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Now is the Perfect Time for a Savings Checkup

America Saves Week – February 26 through March 3 – is a prime catalyst for taking stock of why it’s critical to save


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Any time is a good time for individuals and business owners to consider how they can save more effectively. But the annual America Saves Week beginning February 26 through March 3, offers a timely opportunity for a savings and financial checkup.

Conducting a financial audit now can help jump-start your 2018 savings success. The Federal Reserve reports that more than half of U.S. households have less than one month’s worth of income in a savings account – much less a six-month emergency fund recommended. In a Pitney Bowes Software survey, Coloradans ranked 45th in average savings balance a few years ago and it’s time to make improvements. Clearly, a national pandemic exists relative to savings habits – it’s time to make a change.

Since 2007, America Saves Week – a campaign managed by the Consumer Federation of America – has provided strategies for motivating financial action. Consumers and business owners can consider a number of steps to reflect on their finances, pinpoint quick savings, meet savings and debt-reduction goals, develop a plan for 2018 and beyond.

Here are some ideas to promote a more effective savings plan. Adopting just one idea could have a dramatically positive impact on your financial success.

  • SAVE AUTOMATICALLY 

Have your bank or credit union transfer a fixed amount, say $100 biweekly, to a savings or investment account from your checking account. If possible, have your employer set up automatic transfers from your paycheck to your savings account. Establish automatic payments to a lender to pay down debt, which may trigger a small interest-rate deduction for some types of loans, such as student loans. Consider rounding up each of your debt payments to the nearest $100 or $1,000 as well. Save at least the minimum contribution into a retirement account, maximizing any match offered by your employer.

  • SAVE FOR RAINY DAYS

A rainy-day fund is for unplanned expenses, such as medical bills or repairs. Typically, such a fund carries $1,000 to 5,000. This differs from the three to six months of average monthly expenses needed to safeguard against a temporary absence of work. Easy ways to find this extra money could include reducing credit card use and periodically reviewing bills to find cutbacks. Bank any extra income, including raises and tax refunds. These rainy-day funds belong in a place with easy access and little risk, such as a money market fund or a savings account. Don’t be concerned about return on this money – easy access is most important.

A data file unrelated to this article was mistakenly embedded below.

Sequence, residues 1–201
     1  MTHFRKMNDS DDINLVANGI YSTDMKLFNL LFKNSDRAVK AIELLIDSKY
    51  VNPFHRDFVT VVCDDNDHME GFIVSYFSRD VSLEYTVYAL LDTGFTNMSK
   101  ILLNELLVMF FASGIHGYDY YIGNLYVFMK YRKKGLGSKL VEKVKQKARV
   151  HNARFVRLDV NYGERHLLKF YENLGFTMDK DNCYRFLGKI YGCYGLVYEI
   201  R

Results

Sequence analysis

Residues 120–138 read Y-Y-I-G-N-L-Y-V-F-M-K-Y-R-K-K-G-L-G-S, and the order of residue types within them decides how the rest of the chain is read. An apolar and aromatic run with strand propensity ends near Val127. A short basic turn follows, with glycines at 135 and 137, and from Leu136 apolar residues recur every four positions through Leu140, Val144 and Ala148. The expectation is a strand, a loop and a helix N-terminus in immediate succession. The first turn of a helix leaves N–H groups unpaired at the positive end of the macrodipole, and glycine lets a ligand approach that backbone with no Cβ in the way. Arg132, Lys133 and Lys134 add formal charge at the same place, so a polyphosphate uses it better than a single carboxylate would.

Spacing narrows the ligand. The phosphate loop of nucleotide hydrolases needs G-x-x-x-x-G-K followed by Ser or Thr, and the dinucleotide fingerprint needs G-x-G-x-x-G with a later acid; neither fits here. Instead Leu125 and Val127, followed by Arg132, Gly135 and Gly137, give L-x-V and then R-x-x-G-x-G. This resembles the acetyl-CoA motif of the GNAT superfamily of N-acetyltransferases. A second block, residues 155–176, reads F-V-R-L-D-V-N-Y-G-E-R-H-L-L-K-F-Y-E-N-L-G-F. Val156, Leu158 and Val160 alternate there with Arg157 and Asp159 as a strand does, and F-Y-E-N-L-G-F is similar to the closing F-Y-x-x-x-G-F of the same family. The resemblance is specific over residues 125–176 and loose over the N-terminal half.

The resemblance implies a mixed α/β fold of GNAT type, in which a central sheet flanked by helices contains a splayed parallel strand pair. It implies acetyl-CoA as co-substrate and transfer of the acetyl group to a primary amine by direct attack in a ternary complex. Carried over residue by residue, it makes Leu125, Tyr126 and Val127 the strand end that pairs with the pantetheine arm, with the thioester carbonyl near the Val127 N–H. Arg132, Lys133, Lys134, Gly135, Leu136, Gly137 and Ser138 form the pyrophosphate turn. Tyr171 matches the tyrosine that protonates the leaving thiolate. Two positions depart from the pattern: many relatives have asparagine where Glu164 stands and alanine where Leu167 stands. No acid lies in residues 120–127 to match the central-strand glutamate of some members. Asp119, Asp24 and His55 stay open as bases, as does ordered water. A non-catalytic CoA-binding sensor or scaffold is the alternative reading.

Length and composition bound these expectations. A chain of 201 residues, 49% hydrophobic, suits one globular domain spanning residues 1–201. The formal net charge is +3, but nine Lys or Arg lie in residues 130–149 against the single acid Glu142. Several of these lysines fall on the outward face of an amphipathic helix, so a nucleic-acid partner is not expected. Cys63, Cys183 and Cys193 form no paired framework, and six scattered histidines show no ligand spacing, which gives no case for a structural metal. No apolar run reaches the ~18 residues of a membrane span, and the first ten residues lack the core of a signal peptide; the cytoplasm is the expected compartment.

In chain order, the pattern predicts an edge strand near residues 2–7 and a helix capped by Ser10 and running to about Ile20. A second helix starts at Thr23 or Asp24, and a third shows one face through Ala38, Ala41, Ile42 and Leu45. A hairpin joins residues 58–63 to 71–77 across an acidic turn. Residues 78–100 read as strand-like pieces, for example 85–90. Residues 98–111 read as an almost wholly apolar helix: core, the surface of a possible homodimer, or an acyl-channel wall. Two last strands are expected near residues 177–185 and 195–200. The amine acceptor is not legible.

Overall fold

• SAVE FOR RETIREMENT

First, speak to your planner or use an online tool to determine how much savings is needed to fulfill your retirement goal. With that target in mind, set up automatic contributions into your employer’s 401K or another qualified retirement account. Follow this link to check your current Social Security retirement benefits and selection options. Consider a Roth IRA or Roth 401K, if offered by your employer, to minimize tax burden in retirement. Finally, if over 50, utilize higher contribution limits on your IRA or 401K.

  • SAVE FOR THE MIDDLE TERM

In addition to saving for a rainy day (short term) and saving for retirement (long term), it’s important to consider all of those years in between. This is an area of saving that often gets overlooked but is crucial for financial security. For example, where will the money come from to fund college for your future children? What about that mountain house you’ve dreamed of? Plan on buying a sailboat in 10 years? Rather than letting money sit in a low yielding savings account for a decade, but unable to withdraw money from your IRA before your retirement, you need an account accessible for those middle-term goals. This is where securities, real estate or other investable assets could be utilized. Ask your planner, or research on your own, how to save efficiently for those periods of your life.

America Saves Week is a prime catalyst for taking stock of why it’s critical to save – and for building or bolstering a savings plan and fund.


Royce Zimmerman, CPA, CFP®, CLU®, ChFC®, Wealth Management Advisor.

Royce Zimmerman and Associates of Northwestern Mutual. Zimmerman graduated from Business School at the University of Wisconsin – Madison with honors in 2001 with a degree in Accounting.  He earned a Masters of Accountancy in 2002 from Madison and earned his CPA license before moving to Chicago.  For two and a half years, he served as a tax advisor for high net worth individuals in Chicago.

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Royce Zimmerman

About Royce Zimmerman

Royce Zimmerman, CPA, CFP, CLU, ChFC, is a wealth management advisor at Royce Zimmerman & Associates of Northwestern Mutual. He graduated from the Business School at the University of Wisconsin – Madison with honors in 2001 with a degree in Accounting. He earned a Masters of Accountancy in 2002 from Madison and earned his CPA license. Royce can be reached at 303-512-2170 or royce.zimmerman@nm.com

Disclosure: This publication is not intended as legal or tax advice. Northwestern Mutual Advisors do not give legal or tax advice. Taxpayers should seek advice based on their particular circumstances from an independent tax advisor.

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